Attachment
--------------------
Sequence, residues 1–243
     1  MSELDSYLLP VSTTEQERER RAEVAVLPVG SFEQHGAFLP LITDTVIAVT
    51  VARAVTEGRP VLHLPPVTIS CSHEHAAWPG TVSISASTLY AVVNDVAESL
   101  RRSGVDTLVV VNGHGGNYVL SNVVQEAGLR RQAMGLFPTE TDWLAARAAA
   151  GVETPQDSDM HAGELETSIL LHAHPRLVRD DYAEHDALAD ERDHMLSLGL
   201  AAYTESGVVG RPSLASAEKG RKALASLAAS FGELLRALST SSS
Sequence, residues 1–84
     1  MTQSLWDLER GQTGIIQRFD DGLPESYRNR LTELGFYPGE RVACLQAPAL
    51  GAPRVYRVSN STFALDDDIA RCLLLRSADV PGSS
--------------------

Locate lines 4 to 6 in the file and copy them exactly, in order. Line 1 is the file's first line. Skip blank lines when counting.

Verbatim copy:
   101  RRSGVDTLVV VNGHGGNYVL SNVVQEAGLR RQAMGLFPTE TDWLAARAAA
   151  GVETPQDSDM HAGELETSIL LHAHPRLVRD DYAEHDALAD ERDHMLSLGL
   201  AAYTESGVVG RPSLASAEKG RKALASLAAS FGELLRALST SSS